The Longhorns are allowing more than 260 rushing yards per game in conference play, at six yards per pop. Both rank as the worst figures in the Big 12. And the one thing that Kansas has done consistently well is run the ball. Getting back a totally healthy Pierson helps. He averaged nearly 100 rushing and receiving yards per game before getting hurt. He's also a big play guy, producing 14 rushes of 10-or-more yards and nine receptions of 10-or-more yards despite only playing in five full games. He rushed for 100-or-more yards in Kansas's first two games, then emerged as a receiver in the next three, averaging 66 yards per game (he actually had 63 in a little more than a quarter against Kansas State before getting hurt). James Sims, meanwhile, is second in the Big 12 in rushing yards per game, including 100-plus in his last three. He's exceptional at squeezing the most out of every run, often getting three or four yards when he should get none. Look for Kansas to pair the two and get Sims the ball as a runner inside, then throwing the ball quickly to the outside to get Pierson touches in space.
Of course, if Kansas is going to keep Texas from stacking the box, the Jayhawks will have to take, and hit on, some vertical shots. Pick is the most polished receiver of the bunch, a savvy route-runner. Chris Omigie is a big target at 6-4 200 who has made a play for more playing time and is expected to start. And the guy with the most potential might be Turzilli, a 6-4 wideout who was a state champ in the 200-meter dash. Turzilli (3-100) and Omigie (3-51) had their best games in combining for 151 receiving yards against TCU, while Pick has 81- and 74-yard receiving games to his credit this fall. Still, they struggled as a group against Oklahoma, and should find themselves out-athleted against Texas.
Texas safeties versus Michael Cummings, Kansas quarterback
Last week against Oklahoma, Cummings earned his first career start. And this week, he'll enter a game for the first time as The Man. It's unclear what exactly that means. Kansas coach Charlie Weis said this week that Cummings won the job because the Oklahoma game wasn't too big for him, but does that mean that the Jayhawks will scrap their previous approach, spread people out and play to his strengths? That's unclear. Cummings has quick feet and a powerful arm, but he's 5-10, and better suited to that kind of an offense. So how Texas elects to defend him, and how the Longhorns choose to use their safeties, will depend on some unknowns there.
Texas running backs versus the Kansas linebackers
At times this year, Kansas has had some of the same issues Texas has had, with young linebackers losing gap integrity and getting gashed. But since the Jayhawks discovered Jake Love as a partner next to emerging middle linebacker Ben Heeney, Kansas's run defense has been much more solid. The Jayhawks held Oklahoma State to just 2.6 yards per carry, and Oklahoma ran for 93 yards on 18 carries, with 41 of that coming on one run. On the Sooners' other 17 rushes, they averaged 3.1 yards per carry. Love and Heeney combined to make 30 stops over those two games. Meanwhile, Texas is going to try and tap into its Baylor success and physically run the ball over the Jayhawks.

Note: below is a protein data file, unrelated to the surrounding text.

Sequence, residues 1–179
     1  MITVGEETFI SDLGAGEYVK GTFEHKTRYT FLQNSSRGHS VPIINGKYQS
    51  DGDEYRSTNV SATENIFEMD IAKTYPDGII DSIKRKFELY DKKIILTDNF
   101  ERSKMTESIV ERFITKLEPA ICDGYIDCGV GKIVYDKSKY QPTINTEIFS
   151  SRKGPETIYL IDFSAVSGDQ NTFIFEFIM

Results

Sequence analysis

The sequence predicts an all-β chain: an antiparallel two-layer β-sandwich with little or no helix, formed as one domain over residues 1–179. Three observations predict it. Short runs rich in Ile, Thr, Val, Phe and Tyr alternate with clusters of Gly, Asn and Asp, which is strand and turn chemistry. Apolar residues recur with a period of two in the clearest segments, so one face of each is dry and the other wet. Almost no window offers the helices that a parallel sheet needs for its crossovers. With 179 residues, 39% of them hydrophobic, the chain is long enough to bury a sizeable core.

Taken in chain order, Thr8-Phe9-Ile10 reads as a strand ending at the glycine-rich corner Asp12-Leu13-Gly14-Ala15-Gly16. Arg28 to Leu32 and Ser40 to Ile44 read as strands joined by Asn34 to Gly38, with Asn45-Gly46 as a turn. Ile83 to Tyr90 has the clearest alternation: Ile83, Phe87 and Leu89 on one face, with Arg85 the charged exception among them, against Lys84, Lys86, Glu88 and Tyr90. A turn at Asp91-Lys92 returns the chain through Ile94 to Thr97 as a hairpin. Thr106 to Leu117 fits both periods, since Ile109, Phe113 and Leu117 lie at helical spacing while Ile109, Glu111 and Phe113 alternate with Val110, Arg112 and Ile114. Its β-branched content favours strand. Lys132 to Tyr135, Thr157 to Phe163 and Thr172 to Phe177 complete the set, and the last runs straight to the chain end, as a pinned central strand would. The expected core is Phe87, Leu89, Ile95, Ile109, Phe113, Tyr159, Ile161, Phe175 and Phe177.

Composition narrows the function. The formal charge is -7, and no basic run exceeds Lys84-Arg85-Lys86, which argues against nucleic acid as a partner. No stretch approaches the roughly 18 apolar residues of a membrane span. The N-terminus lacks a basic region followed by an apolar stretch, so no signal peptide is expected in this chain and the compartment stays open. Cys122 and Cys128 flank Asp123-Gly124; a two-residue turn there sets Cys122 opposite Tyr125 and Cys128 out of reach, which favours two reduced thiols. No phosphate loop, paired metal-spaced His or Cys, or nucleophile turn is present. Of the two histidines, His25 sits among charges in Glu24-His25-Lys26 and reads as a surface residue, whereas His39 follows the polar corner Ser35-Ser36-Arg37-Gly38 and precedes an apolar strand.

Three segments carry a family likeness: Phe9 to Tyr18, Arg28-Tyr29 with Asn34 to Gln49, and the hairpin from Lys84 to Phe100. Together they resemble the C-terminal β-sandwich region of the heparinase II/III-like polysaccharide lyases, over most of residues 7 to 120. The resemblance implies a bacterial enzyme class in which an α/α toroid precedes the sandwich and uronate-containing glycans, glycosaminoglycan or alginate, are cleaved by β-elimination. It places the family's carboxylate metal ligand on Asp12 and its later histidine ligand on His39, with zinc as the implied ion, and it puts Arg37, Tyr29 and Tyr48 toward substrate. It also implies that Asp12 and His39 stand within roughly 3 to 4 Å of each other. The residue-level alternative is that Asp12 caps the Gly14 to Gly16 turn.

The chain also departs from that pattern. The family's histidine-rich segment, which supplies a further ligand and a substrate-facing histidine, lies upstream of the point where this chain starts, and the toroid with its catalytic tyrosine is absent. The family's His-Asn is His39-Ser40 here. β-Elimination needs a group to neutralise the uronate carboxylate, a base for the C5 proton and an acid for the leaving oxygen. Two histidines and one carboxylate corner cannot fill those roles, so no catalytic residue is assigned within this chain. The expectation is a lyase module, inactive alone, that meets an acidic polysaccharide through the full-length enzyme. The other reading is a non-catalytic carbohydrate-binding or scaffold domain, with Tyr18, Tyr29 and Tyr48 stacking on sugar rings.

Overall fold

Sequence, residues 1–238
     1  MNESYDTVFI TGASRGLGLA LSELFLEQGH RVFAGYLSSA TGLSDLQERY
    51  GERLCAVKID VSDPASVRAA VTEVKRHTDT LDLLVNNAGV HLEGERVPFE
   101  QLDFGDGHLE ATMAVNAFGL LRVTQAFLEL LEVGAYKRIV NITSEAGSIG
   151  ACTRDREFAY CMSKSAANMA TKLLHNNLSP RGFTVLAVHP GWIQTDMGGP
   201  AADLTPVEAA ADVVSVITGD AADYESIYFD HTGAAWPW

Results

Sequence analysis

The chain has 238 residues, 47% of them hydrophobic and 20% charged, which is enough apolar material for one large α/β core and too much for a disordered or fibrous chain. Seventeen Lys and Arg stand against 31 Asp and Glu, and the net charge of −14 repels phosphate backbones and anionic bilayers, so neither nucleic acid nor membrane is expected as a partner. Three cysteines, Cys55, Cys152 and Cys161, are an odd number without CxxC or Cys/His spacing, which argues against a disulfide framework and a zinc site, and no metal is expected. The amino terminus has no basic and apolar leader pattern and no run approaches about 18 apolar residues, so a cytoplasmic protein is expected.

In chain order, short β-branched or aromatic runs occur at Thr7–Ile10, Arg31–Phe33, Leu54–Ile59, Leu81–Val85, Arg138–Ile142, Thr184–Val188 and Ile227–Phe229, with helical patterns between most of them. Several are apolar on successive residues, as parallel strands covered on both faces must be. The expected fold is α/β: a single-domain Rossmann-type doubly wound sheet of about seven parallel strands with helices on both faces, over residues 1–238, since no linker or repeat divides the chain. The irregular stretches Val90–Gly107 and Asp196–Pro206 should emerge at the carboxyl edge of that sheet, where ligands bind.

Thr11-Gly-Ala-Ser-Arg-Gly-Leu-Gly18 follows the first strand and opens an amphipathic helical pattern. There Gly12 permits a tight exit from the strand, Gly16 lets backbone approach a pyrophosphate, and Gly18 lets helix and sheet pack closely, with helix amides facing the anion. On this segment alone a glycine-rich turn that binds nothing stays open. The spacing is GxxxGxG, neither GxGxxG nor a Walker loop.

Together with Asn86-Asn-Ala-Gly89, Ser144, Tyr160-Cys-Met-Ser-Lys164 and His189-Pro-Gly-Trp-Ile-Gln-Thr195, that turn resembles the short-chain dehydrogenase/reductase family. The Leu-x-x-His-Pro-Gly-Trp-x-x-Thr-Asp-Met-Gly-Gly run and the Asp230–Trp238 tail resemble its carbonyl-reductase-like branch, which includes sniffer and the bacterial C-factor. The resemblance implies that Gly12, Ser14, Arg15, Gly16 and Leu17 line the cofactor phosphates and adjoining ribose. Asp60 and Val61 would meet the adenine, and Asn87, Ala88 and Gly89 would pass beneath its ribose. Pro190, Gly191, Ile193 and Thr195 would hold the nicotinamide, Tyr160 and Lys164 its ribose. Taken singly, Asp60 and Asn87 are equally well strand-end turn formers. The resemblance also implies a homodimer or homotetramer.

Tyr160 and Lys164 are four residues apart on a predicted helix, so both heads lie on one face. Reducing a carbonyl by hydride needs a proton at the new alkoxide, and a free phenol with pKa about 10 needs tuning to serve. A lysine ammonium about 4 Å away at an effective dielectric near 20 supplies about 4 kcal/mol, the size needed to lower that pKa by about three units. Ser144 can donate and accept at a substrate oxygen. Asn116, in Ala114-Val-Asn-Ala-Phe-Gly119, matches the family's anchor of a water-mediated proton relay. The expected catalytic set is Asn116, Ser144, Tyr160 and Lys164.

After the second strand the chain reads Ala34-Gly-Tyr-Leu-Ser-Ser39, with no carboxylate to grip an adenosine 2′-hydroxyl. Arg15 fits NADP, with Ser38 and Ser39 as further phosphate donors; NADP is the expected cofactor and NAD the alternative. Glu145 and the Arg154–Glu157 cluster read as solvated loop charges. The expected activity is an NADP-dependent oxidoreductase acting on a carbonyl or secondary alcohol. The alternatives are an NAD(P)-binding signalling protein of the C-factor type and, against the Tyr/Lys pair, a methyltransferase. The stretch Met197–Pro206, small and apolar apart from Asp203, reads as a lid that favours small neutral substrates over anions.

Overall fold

And the Longhorns will try to hit on some deep plays through play action. One of the strong parts of offensive coordinator Bryan Harsin's offense has been his ability to get one-on-one shots down the field. Brown is an above-average Big 12 cornerback who might be OK running with Davis down the field. But who handles Shipley or Goodwin down the other side? Hit on a few of those shots early, and Texas could be able to break Kansas's will. But if Texas can't connect on those plays, Kansas might be able to keep the box stacked and get some defensive stops.
X-Factor: Whether Texas Shows Up
That sounds blunt, but it's to the point. It's an 11 a.m. game, against a 1-6 team in a less-than-ideal atmosphere and in a really cold place. All are factors that could lead to a sleep-walking performance. The Jayhawks play much better at home, but part of that is that other teams just don't seem to play well in Lawrence. Last year's game with Oklahoma was a two-score game in the fourth quarter, and the Jayhawks actually led 10-win Baylor 24-3 in the final stanza. This year, both TCU and Oklahoma State won in Lawrence, but both were sloppy, close contests.
Barring the above scenario, Texas should win on Saturday. The Longhorns are significantly more talented at most positions on the football field. But if Texas doesn't come to play, the Jayhawks have the strength in their running game to test the Longhorns' biggest weakness, their run defense. Kansas is better than its 1-6 record … without much imagination, the Jayhawks could be 5-2. But I like Texas here for a couple reasons. First, there's the talent part. And second, the Longhorns have mostly struggled stopping the run against spread teams whose passing games they had to respect. Kansas hasn't shown that as a throwing team, and unless Weis tweaked the offense to show more spread looks for Cummings, it's not entirely likely that the Jayhawks will present that kind of challenge. Then there's this: Kansas has only scored 30 or more points in one game this season, and that effort (31 points) came against South Dakota State. While I can see the Jayhawk running game presenting issues, I don't see Kansas holding Texas under 30.
TEXAS — 35
Kansas — 17